Bobby had a great quote that he liked to use whenever we met with a new prospect on the first appointment. In an effort to convey a lasting impression and to express the serious nature of insurance to an often-weary business owner, while delivering his presentation Bobby would announce, “Mr. Customer, it’s my job to back up the hearse to your front door and show you the dead body.” This, not so, picturesque-line would certainly grab any owner’s attention reluctantly listening to one more insurance salesmen’s pitch for their business. In purchasing property and general liability coverage, no executive wants to pay one cent more for what he believes is something that always “costs too much” and that he “never” uses or will never use, in the future, as another company check is cut for payment and goes out the front door each month.

However, being under insured or worse having absolutely no coverage and leaving one’s self entirely exposed is potentially foolish. Having a claim of any real size can quickly bankrupt most small or medium businesses or they could find themselves tied up in litigation for years to come. If miss handled, a small claim can become a large claim – fast. My observations of this nation’s health are viewed through my own personal experience, from listening to other’s stories and the lessons that I learned. I would like nothing better than to see and to speak of a more harmonious and rosy landscape with this audience, but I can’t because it wouldn’t be true to me.

I take to heart my observations and try to accurately communicate my concerns in these commentaries, but never in an effort to inflame or to pacify this group. To put my outlook into insurance terms, I think we are under insured and have a lot of exposure with a storm brewing. The recent piece of federal housing legislation only delays the pain and increases the government’s share of the exposure while the meter continues to run. I know that I am not alone in this view. Our pants aren’t quite pulled up all the way, zipped and firmly buttoned. In fact, our derrière is hanging bare for the entire world to see.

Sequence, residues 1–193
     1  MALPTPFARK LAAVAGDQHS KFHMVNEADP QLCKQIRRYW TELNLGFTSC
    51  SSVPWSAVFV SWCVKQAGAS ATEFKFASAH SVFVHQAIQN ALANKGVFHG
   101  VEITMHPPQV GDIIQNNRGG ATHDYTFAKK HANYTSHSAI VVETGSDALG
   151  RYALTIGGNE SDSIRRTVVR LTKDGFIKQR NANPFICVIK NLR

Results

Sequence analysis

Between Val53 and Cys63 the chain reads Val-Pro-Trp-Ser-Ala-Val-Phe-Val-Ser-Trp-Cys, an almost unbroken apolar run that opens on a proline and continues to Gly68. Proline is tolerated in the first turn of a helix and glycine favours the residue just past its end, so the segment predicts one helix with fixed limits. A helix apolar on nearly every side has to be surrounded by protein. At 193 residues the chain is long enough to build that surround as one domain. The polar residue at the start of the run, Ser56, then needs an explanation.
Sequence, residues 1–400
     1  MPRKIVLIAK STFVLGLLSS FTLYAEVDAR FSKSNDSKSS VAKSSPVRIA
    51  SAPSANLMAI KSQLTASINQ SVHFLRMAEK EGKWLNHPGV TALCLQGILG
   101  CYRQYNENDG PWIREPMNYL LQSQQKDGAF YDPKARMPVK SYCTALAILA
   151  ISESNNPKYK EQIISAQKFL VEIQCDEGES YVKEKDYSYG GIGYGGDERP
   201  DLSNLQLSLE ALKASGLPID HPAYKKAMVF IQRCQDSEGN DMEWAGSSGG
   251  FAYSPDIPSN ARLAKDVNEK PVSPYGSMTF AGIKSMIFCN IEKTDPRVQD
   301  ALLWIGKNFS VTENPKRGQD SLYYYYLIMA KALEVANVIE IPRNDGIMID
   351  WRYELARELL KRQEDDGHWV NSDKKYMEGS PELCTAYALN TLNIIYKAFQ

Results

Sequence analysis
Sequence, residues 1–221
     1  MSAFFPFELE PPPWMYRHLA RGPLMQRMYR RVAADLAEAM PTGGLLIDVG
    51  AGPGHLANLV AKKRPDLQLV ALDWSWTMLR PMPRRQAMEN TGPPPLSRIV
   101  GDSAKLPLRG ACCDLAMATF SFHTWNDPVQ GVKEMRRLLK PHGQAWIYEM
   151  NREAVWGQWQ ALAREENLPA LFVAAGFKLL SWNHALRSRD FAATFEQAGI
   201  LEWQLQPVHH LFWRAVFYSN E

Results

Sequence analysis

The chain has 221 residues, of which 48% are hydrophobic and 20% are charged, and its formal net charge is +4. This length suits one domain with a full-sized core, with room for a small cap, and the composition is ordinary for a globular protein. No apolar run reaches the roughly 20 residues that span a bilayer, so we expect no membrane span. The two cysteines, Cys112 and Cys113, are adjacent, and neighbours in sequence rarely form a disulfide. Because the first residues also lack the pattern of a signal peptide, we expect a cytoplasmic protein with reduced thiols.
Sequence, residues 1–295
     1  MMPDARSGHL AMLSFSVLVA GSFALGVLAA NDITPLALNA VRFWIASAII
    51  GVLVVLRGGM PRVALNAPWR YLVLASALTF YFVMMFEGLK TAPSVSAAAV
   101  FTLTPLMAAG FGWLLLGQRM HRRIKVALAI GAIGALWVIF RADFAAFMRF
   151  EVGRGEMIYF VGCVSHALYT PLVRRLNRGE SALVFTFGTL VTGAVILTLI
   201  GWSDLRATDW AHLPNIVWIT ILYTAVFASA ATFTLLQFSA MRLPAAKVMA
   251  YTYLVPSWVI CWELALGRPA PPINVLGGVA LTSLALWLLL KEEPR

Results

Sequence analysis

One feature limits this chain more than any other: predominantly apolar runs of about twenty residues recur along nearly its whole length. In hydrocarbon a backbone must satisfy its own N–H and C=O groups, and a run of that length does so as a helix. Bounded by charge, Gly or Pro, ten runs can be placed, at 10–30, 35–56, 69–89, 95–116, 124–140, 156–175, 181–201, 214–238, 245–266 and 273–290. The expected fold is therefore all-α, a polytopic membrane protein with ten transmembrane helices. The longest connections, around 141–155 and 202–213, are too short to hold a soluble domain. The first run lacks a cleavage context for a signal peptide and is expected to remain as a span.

My last essay, at times, may have been a little heavy-handed in an effort to “show you the dead body.” My goal with these writings is to get you to wake up, to see the truth, to see reality and to begin making better decisions in your life. We need to share the same one reality not three hundred million different versions, as is the case, right now. That’s our problem – an inability to face our own personal circumstances while being disconnected to our ever-changing world. We have broken down as individuals and so has our community. Nobody says nothing of value to nobody at the risk of appearing human.